• In-class activity: Follow along and take notes in Professor Morales' powerpoint presentation.
  • 06 Th 02/04
    • Synopsis: Today we will have a web-page development workshop with a guest instructor from DoIT.
    • Pre-class assignment: Please start the on-line course HTML Essential Training with James Williamson.  Complete chapters 1 and 2, plus "Formatting content in HTML" and "Using headings" from section 3. To access Lynda.com from off-campus, first go to the DoIT Services Software Training for Students page, under the last heading "Online Technology Training (Lynda.com)" click on "access Lynda.com". This will prompt you to enter your NetID and take you to Lynda.com where you will have access to all of the chapters in the assigned video. You may have trouble connecting to DoIT with Chrome, but Windows Explorer and Safari should work.
  • 07 Tu 02/09
    • Synopsis: Today we'll be exploring various methods that can be used to assess sustainability and impact of food systems processes in order to determine which method may be appropriate for student projects and the instructor's example project. What are the benefits and drawbacks of each method? What research questions are most appropriate for each? These are the questions we'll explore in today's class.
    • Pre-class reading: Remember to complete the first page of your Roles and Responsibilities Worksheet in your groups and submit it in the dropbox before class. You should only submit one per team. The reading for today's class is: Aubin et al. 2013. Graduate students should read the whole chapter, while undergraduate students are assigned only 10.1 Introduction (pp. 198-200), 10.4 Environmental, Social, Economic, & Nutritional Methods and Indicators (pp. 207-222), and 10.6 Conclusion (pp. 225-226). Then take 04-Quiz; the quiz covers only material from the sections that everyone has been assigned.
    • In-class activities: Research Methods in the Biological and Social Sciences: An overview presentation available as a pptx doc or pdf doc | Comparative Analysis to Assess Sustainability with the MESMIS method.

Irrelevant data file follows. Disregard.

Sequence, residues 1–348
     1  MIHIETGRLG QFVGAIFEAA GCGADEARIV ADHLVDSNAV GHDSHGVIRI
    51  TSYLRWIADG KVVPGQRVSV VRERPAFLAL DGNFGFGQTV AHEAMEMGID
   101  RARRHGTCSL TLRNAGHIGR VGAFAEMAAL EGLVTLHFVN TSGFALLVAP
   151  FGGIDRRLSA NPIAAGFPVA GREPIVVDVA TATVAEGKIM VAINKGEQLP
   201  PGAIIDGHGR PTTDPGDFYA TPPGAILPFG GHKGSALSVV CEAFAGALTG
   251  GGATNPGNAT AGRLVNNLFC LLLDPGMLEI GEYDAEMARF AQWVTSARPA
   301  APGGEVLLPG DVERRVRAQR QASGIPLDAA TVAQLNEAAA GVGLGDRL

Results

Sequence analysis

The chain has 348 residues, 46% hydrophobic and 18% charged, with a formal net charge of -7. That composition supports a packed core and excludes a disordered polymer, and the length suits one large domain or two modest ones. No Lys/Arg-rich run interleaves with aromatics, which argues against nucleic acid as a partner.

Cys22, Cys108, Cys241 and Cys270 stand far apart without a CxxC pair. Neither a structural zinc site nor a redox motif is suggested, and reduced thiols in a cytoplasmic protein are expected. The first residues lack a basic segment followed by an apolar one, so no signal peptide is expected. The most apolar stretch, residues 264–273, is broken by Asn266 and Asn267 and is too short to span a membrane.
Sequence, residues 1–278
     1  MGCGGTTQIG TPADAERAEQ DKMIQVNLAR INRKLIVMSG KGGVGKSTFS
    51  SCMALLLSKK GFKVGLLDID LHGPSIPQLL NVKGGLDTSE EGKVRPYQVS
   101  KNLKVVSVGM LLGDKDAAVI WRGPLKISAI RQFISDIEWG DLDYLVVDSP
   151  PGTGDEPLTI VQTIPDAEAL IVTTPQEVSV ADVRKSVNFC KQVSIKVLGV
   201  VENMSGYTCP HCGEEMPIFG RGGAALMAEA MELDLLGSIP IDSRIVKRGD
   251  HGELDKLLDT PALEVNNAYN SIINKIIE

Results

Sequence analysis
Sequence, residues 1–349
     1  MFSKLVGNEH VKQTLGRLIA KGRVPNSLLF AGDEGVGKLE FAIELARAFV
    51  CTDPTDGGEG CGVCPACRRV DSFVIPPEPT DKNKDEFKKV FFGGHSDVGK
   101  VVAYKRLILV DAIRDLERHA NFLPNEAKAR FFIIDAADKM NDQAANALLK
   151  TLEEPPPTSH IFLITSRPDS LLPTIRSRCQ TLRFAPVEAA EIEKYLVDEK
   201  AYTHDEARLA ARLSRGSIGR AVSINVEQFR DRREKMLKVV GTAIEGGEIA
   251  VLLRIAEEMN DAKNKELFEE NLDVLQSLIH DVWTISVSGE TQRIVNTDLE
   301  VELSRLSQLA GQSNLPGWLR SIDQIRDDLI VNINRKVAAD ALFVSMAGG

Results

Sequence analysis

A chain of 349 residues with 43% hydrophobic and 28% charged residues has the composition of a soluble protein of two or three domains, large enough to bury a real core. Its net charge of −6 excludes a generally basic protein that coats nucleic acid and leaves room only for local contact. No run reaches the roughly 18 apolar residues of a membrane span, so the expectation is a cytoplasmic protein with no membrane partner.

• 08 Th 02/11
    • Synopsis: For undergraduate students our friendly librarian will be giving us a hands-on guided tour of database search, proper citations for your web pages, and other things to consider as you build webpages with materials found on the internet in our regular classroom. For graduate students the writing center is holding a special session of their "writing a literature review" workshop for us. During our normal class time report to 6171 H.C. White where the writing center is housed and they will set us up for the session in one of their conference rooms.
    • Pre-class assignment: You are expected to work with your teammate to move your project along. Please visit the Group Projects Page for more details
    • In-class Activity: You can follow along in this handout that our librarian has provided to guide us through class
  • 09 Tu 02/16
    • Synopsis: Life Cycle Assessment (cradle-to-grave analysis) offers the livestock industry a structured methodology to quantify environmental impact including GHG emissions. An LCA can help identify components or processes within production systems that should be targeted to reduce environmental impact. The paper of Beauchemin and McGeough (2013) introduces us to the LCA and its application to livestock ruminant agriculture. The authors felt compelled to end their conclusion with the following statement: "Ruminants make a useful contribution to society in that they produced high quality energy and protein for human consumption from land areas and cellulosic materials that would otherwise be very difficult to exploit. What do you think?
    • Pre-class reading: Please read Beauchemin and McGeough 2013)
    • In-class activities: LCA Q&A
  • 10 Th 02/18
    • Synopsis: Today we will either continue our web-page development workshop with a guest instructor from DoIT or discuss the necessary parts of a research study and the function of each.
    • Pre-class assignment: Bring your questions and problems about HTML coding to class.
  • 11 Tu 02/23
    • Synopsis: In this class Josephine Peigne will be joining us from France to talk with us about food systems, sustainability, and climate change in the European Union.